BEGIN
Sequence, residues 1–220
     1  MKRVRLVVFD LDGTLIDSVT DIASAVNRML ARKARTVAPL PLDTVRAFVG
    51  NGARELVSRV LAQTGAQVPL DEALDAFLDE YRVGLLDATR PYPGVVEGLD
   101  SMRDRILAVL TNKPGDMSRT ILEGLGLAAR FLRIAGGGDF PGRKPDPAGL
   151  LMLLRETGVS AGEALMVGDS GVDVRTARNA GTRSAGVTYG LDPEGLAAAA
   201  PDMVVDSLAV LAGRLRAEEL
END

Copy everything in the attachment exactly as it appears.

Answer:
Sequence, residues 1–220
     1  MKRVRLVVFD LDGTLIDSVT DIASAVNRML ARKARTVAPL PLDTVRAFVG
    51  NGARELVSRV LAQTGAQVPL DEALDAFLDE YRVGLLDATR PYPGVVEGLD
   101  SMRDRILAVL TNKPGDMSRT ILEGLGLAAR FLRIAGGGDF PGRKPDPAGL
   151  LMLLRETGVS AGEALMVGDS GVDVRTARNA GTRSAGVTYG LDPEGLAAAA
   201  PDMVVDSLAV LAGRLRAEEL